Komotini (Greek: Κομοτηνή, Turkish: Gümülcine) is a city in Thrace, northeastern Greece. It is the capital of the periphery of East Macedonia and Thrace and of the Rhodope peripheral unit. It is also the administrative center of the Rhodope-Evros super-prefecture. The city is home to the Democritus University of Thrace, founded in 1973. Komotini is home to a sizeable Turkish-speaking minority, which constitutes 50% of the city's population.
The city stands at an altitude of 32-38m on the Thracian plain near the foothills of the Rhodope Mountains. There is little urban planning in the older parts of city, in contrast to more recently developed quarters. According to the 2001 census, the municipality's population amounts to 61,501, a number that does not include approximately 13,000 resident students, trainees and soldiers. There are two airports near Komotini. The nearest is in Alexandroupoli (65 km), and the other is in Kavala (80 km). It has rail and bus links to all continental Greek cities as well as Istanbul, and the good provincial road network has been supplemented by the new Egnatia Odos motorway.
Komotini has existed as a settlement since the 2nd century AD. That is confirmed by archaeological finds of that era up until the 4th century. It is also confirmed by an inscription on the ruins of the 4th-century Byzantine wall, that are visible at various sites in the city, which reads "Theodosiou Ktisma" = Building of Theodosius. The inscription was discovered by the Komotini-born Prof. Stilponas Kyriakidis and the then mayor Sofocles Komninos. It is said that the township 'Komotini' originates from the 5th century and is linked to the daughter of the painter Parrasios from Maroneia. During the Roman age it was one of the several fortresses along the Via Egnatia highway which existed in the Thrace area. The most important city of that period was neighbouring Maximianopolis, former Thracian Porsulis or Paesoulae (which was renamed to Mosynopolis in the 9th century). Komotini was a Via Egnatia hub on its northern route through the Nymphaea Pass which lead to the Ardas Valley, Philippopolis (modern Plovdiv) and Byzantine Berroe (modern Stara Zagora).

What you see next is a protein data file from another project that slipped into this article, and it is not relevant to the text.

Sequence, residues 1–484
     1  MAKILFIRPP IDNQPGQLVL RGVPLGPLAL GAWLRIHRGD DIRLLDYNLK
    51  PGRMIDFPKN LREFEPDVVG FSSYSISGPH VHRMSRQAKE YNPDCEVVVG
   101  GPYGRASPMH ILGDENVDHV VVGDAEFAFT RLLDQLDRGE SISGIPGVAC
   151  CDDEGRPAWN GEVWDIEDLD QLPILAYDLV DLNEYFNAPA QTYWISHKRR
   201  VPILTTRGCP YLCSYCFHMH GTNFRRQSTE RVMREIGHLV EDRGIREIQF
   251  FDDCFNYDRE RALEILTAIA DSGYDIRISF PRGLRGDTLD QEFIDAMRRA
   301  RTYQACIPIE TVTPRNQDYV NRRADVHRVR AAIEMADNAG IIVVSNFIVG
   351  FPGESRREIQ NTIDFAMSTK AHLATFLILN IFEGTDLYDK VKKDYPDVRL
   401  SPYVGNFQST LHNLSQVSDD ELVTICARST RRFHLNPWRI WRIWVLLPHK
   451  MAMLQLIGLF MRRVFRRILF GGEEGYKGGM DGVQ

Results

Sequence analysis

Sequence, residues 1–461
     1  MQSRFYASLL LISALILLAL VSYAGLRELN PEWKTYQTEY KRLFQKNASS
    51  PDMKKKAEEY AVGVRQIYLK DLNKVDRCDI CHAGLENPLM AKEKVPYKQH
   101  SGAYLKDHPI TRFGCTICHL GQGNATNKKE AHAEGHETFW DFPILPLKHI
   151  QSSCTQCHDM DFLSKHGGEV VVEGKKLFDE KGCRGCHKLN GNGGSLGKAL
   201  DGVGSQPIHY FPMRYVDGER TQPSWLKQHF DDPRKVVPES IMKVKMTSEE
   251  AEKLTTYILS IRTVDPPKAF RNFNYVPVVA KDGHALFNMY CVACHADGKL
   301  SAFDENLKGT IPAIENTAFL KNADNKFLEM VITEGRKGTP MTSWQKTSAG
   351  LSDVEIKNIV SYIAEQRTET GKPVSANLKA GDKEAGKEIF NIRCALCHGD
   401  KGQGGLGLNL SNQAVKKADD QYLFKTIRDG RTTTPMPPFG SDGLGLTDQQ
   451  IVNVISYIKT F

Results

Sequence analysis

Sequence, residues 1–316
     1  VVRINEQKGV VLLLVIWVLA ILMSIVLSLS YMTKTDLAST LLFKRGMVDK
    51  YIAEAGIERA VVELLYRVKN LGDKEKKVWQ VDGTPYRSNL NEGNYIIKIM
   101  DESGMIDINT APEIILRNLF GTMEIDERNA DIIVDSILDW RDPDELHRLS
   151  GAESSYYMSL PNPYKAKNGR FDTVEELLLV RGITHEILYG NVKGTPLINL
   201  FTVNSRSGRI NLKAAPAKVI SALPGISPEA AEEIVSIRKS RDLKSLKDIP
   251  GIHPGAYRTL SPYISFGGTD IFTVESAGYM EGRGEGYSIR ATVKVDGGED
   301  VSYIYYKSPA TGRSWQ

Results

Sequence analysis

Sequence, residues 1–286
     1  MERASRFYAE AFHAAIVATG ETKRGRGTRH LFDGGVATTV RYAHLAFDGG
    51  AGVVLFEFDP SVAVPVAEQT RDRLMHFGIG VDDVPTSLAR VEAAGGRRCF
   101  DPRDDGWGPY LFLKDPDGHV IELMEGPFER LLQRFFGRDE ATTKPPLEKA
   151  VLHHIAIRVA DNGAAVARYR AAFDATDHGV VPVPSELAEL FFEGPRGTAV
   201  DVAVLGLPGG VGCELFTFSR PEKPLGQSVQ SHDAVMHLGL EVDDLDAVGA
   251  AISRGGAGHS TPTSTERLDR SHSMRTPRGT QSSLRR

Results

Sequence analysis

Eastern Roman/Byzantine Era
View of the clock tower.
The city's history is closely connected with that of Via Egnatia, the Roman trunk road which connected Dyrrhachium with Constantinople. The Roman emperor Theodosius I built a small rectilinear fortress on the road at a junction with a route leading north across the Rhodope Mountains toward Philippopolis. During the Byzantine period, the city belonged to the Theme of Macedonia, whilst from the 9th century it could be found within the newly founded theme of Boleron. For most of its early existence the settlement was overshadowed by the larger town of Mosynopolis to the west, and by the end of the 12th century, the place had been completely abandoned. In 1207 following the destruction of Mosynopolis by the Bulgarian tsar Kaloyan, the remnant population fled and established themselves within the walls of the abandoned fortress. Since then the population had been increasing continuously until it became an important town within the area. In 1331 John Kantakouzenos referred to her as Koumoutzina in his account of the Byzantine civil war of 1321–1328.. In 1332 Andronikos III Palaiologos set camp in Komotini to face Umur Bey of Smyrna at the Panagia village close to the Panagia Vathirryakos (Fatirgiaka) monastery. However, Umur departed without a battle. In 1341 the historian Nikephoros Phokas referred to the town with its current name. In 1343, during the civil war between John VI Kantakouzenos and John V Palaiologos, Komotini along with the neighbouring forts of Asomatos, Paradimi, Kranovouni and Stylario joined Kantakouzenos' side. John VI Kantakouzenos escaped to Komotini to survive from a battle with the army of the Bulgarian brigand Momchil near the already ruined Mosynopolis.